The Vette was equipped with the higher horse L82-350 engine. It was a cool power plant indeed. Making 250 grocery-getting horsepower, it could get to softball practice in a hurry. It was the lack of a commodious back seat or trunk that was the problem. Roberts could indeed pick up the child, but the glove and bat would have to wait for the next bus. Imagine the negotiating skills this man must possess.

An L82 option 250hp/350-V8 is tucked beneath the fiberglass body.

Digging deeper 
  1974 was a series of first and lasts (see Fun Facts) and this Corvette was special enough for Roberts to hold onto for 38 years. The Vette was quick, fun and in retrospect, really didn’t use too much fuel. Gearing was perfect! Nothing less than a 3:08 gear ratio was available on this car. This was impressive for 1974, but Roberts knew the potential potency of the small block Chevrolet. He wanted more!
  A new set of aluminum heads found their way to the top of the L82, bumping the 9-to-1 compression up significantly. The cam was already lifting those valves high enough, so Roberts right foot was about to have a party.

Weathered emblem on nose of 1974 Corvette.

Color me brown
  We thought from a distance that this car was another color but this ’74 Vette was repainted at some milestone along the way. We (Ron) mistakenly thought it was the color we can’t pronounce easily. Don’t make us say it, but if we goof up the name Mille Miglia Red, forgive us, for we now know this example was born code 968 Dark Brown. Whew! We can pronounce that one!
  Chevrolet allowed GM to have their way with the interior colors. A handsome saddle hue in leather was the choice of the original owner. Chevrolet let you pick the exterior color, but the interior was only slightly negotiable. Only four colors were available to accent your favorite Corvette flavor. That narrowed it down a lot. Sometimes they offered five choices, but for the most part Chevrolet dictated that four was plenty enough. Whomever picked this combination did an exquisite job and had impeccable taste.

Only 6,690 L82-equipped Corvettes were produced among the 37,502 total in 1974.

Do you want to?
  Roberts has shared the life adventure with this car long enough for it to become part of the family. He cranks it regularly and has no intention of parting with it anytime soon. (Editor’s Note: This did not stop Ron from shamelessly handing Roberts a list of potential buyers, which was nothing more than a piece of paper with Ron’s name on it.) We here at Junkyard Life understand.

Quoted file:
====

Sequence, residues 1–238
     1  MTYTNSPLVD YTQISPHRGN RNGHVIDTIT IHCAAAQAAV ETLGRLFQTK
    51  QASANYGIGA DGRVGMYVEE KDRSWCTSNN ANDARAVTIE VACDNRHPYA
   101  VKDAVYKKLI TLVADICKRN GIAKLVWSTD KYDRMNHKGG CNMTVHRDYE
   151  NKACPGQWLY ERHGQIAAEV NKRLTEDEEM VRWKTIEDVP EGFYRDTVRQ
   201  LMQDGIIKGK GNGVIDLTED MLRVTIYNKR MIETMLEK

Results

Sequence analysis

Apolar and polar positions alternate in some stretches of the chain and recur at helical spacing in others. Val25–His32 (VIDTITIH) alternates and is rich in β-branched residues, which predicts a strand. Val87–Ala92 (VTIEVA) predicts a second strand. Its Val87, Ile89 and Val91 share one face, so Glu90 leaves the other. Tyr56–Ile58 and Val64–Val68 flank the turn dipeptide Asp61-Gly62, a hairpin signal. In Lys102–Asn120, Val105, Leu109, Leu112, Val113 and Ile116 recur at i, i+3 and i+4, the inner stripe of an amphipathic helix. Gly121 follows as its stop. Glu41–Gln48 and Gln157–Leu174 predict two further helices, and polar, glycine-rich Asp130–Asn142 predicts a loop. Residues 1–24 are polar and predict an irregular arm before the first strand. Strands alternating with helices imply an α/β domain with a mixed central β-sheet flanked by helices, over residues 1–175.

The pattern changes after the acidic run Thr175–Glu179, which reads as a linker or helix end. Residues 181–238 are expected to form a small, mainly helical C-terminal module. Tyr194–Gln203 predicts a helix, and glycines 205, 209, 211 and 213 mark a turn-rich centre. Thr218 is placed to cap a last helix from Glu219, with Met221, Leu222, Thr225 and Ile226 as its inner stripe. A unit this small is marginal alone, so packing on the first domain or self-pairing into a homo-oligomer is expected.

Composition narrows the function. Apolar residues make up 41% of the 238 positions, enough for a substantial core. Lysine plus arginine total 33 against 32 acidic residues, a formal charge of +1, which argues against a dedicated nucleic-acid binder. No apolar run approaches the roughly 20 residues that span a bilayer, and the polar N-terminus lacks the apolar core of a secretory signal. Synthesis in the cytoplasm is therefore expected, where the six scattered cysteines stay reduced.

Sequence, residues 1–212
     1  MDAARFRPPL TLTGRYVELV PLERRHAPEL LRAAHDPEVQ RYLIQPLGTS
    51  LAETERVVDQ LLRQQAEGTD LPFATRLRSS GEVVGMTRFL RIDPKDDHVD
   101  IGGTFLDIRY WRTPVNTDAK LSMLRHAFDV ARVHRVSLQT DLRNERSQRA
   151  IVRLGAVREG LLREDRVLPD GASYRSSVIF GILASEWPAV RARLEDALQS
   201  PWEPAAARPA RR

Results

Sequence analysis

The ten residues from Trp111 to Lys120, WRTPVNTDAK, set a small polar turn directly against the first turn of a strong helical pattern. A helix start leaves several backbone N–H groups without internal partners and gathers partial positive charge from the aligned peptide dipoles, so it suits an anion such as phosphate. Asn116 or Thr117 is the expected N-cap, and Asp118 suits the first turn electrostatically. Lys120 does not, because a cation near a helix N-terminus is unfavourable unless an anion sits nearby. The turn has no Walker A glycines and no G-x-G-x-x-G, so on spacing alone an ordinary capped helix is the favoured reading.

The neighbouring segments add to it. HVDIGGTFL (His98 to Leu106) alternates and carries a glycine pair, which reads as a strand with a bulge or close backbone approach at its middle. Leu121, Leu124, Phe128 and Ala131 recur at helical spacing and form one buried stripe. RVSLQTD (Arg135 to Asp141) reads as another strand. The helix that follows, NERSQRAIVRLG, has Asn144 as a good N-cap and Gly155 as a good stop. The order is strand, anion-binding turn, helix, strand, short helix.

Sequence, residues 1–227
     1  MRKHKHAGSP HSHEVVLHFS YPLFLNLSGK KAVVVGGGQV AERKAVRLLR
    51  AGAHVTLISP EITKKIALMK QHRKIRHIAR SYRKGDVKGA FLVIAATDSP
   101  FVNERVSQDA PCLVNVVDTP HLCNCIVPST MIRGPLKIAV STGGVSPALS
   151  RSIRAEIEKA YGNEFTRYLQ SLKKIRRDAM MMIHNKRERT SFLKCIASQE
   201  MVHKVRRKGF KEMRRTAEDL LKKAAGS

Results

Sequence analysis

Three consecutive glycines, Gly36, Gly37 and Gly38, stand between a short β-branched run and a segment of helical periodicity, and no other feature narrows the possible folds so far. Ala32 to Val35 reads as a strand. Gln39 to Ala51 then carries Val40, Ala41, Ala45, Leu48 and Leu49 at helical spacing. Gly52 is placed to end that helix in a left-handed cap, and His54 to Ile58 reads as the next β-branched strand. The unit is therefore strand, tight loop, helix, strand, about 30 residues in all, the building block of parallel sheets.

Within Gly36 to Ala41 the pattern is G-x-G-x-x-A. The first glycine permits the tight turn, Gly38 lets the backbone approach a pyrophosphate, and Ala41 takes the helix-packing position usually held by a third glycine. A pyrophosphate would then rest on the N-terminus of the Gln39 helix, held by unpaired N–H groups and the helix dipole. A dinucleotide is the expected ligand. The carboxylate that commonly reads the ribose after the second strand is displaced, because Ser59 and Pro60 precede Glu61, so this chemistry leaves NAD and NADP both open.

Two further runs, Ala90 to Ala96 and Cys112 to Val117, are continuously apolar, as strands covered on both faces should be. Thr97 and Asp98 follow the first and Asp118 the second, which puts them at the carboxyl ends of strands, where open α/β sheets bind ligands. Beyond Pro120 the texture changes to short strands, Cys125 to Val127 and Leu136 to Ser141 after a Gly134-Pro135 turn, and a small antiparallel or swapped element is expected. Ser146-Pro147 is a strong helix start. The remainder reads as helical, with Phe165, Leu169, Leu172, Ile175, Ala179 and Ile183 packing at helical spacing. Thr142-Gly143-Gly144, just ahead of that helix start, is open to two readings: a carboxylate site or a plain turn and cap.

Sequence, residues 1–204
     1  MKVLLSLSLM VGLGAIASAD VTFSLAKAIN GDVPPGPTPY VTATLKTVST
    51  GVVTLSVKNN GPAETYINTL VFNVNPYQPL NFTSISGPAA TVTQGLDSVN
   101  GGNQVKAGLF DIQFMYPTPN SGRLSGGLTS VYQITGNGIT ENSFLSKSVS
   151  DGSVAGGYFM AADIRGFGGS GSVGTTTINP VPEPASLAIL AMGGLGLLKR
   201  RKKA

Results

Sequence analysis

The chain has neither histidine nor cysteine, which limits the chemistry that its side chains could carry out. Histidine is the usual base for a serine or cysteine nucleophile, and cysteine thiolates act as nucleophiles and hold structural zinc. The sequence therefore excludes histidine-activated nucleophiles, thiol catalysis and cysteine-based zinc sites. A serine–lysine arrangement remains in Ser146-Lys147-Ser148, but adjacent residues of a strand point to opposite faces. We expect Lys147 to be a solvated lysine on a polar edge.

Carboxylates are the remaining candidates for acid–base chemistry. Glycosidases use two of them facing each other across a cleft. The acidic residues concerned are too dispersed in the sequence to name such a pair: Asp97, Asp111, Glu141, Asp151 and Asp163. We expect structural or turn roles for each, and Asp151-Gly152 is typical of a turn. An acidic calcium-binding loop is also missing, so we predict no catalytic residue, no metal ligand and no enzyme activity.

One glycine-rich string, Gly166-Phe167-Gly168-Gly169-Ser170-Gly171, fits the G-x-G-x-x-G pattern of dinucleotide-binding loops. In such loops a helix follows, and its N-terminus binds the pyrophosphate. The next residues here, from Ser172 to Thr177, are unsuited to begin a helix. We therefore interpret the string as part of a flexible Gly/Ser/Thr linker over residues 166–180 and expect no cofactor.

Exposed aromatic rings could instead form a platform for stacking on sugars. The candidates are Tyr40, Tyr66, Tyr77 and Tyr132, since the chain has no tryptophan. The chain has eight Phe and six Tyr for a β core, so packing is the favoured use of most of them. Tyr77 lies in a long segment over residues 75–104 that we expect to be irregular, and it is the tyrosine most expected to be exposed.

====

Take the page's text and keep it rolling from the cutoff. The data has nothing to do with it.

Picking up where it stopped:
Thank you, Mr. Roberts for showing us a really cool car with an even better story!

Ron Kidd
— Junkyard Life: The Story Beneath the Rust

Brown velour seats in the 1974 Corvette.

Tachometer was replaced from a vehicle with electronic ignition when Roberts swapped ignition system from points and condenser.

Front and rear bumper covers were replaced after Roberts bought to Vette around 1981.

1974 was the last year you could buy a Corvette without a catalytic converter.

Saddle interior components complement the 4-speed stick inside Roberts' 1974 Corvette Stingray.

Unmistakeable profile on these third-generation Vettes.

The L82 350-V8 pumped out 250hp.
The Corvette shift plate alerts all to the horsepower under the right foot. The L82 350-V8 pumped out 250hp and 285-ft lbs of torque.

Stingray emblem is long gone but not forgotten.

A base sport coupe Vette cost around $6,000 in 1974. Looks like any "old" Corvette will eventually be worth more than MSRP. 

Junkyard Life’s 1974 Corvette Fun Facts 
  • 1974 was the last year for the optional LS4 454 engine. It was advertised at only 20 more HP (270) but admitted to a tire shredding 380 ft-lbs of torque at only 2800 RPM. 
  • 1974 was the first year with two non-chrome bumpers. This gave us an idea of what the Corvette had in store for us aesthetically in the coming years of the 1970’s. 
  • 1974 was supposed to be the last year for the ultra cool and dare we say sexy finned wheel covers-but it wasn’t! They stopped offering them in 1973. Boo. We do love the Corvette specific 15x8 Rally Wheel. Okay, fine. They are enticing as well.
  • Junkyard Life was wrong about the initial color of this car by a long shot. How could we mistake Mille Miglia Red for Dark Brown? This was not the "Little Red Corvette" that Prince told us about. 
  • Roberts entertained the idea of painting the Vette a pearl white. He even started some of the color change process. Then he experienced some degree of sticker shock when he found out how ridiculously expensive the pearl-based paint is. 
  • For drag racers, a Corvette was a sure path to the famed “4-bolt main” engines. This means there were four bolts on the main caps holding the crankshaft down instead of two. More insurance your motor will not fly apart at high RPMs.
  • Corvette’s name was defined as a highly maneuverable warship used as an escort. The association was not lost on American Airmen, as the Corvette proved to be very popular with pilots.
  • There is an irony to the origin of the (Ron’s mistaken color) Mille Miglia. This is a reference to an Italian endurance race that covers one thousand miles. The race began in 1927 and when it was resurrected, it limited the cars entered to be produced no later than 1957. The irony is that the 1974 Corvette would be too “new.” (Editor’s Note: Ron got the color so wrong, we made him look up the origin of the name
  • During the space race, there was a time when astronauts were presented with a new Corvette.

Share your car story? Send us details and we’re on the way!  Send emails to Jody Potter at & Ron Kidd at

Stick shift Corvettes command our attention no matter the vintage.